This list contains resources devoted to wearable technology, IoT, AR / VR, mobile application development, embedded applications, haptic computing, and human-computer interaction.
Links and Resources
This booklet is aimed at KS3 teachers that want to offer wearable technology projects. It covers the following topics, conductive thread, LEDs and resistors, stitched circuits and press stud switches. Each of the tasks require little or no electronics experience. The information can be used to plan lessons or can be printed out as student handouts.
In this challenge, students are asked to consider the impact of people suffering from heart conditions, both to the individual and to wider society. They then generate ideas for using programmable systems to improve people’s health, and to monitor themselves.
A video introduces the idea of a heart rate monitor, and a link is made to other Faraday resources that would work well with this one. Some students will create their own design criteria from this process.
A prototype heart rate monitor is then created using a BBC micro:bit and appropriate input and output devices. The built-in accelerometer is used to detect the movement caused by heart beats, and the LED display is coupled with a beeper to output.
A sample program is included, built in the Touch Develop environment.
As an extension activity students are then challenged to integrate the device into a complete wearable product.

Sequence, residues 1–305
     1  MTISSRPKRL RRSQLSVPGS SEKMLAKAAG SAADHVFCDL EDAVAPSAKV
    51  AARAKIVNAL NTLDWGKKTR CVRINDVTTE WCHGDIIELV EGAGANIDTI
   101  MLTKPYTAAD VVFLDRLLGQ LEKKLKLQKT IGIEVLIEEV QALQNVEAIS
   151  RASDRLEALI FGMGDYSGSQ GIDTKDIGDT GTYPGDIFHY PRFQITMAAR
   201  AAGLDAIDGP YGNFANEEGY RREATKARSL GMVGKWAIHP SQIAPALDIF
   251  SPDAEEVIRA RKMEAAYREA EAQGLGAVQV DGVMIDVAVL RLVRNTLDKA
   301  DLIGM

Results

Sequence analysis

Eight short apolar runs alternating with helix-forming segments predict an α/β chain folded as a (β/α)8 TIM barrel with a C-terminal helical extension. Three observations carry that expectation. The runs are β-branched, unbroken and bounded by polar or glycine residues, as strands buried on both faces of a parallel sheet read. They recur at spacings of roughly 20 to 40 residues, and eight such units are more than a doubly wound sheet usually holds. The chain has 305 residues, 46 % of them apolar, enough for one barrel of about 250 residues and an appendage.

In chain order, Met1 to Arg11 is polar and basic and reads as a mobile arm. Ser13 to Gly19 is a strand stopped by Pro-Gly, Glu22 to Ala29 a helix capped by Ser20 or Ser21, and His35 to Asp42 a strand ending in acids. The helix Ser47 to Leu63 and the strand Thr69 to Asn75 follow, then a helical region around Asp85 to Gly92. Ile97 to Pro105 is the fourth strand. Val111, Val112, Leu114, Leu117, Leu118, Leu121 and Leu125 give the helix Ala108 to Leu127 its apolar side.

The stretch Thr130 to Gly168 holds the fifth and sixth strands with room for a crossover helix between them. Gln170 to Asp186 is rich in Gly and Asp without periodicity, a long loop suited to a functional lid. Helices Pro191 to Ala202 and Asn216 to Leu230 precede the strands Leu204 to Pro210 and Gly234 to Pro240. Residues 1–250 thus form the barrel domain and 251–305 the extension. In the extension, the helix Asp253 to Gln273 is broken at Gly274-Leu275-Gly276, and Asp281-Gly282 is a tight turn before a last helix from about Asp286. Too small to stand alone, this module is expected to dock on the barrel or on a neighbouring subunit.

An introductory resource to App Inventor for students aged 11- 14 years. App Inventor is a visual programming environment that allows students to build mobile apps for smartphones and tablets. This resource contains a teacher presentation and worksheet to support the students in their development of a simple 'spot the difference' game.
Sharon Scholes is the author of this resource.
This resource can be used to support an electronic handbag project. There are four worksheets that cover the following topics:
- exh numbering for neopixels
- the ‘Internet of Things’
- conductive thread circuits
The worksheets are suitable for students aged 11 to 16, whom have little or no programming experience. The first three worksheets can be completed within 90 minutes. The last worksheet contains optional extension material.
David McAll is the author of the resource.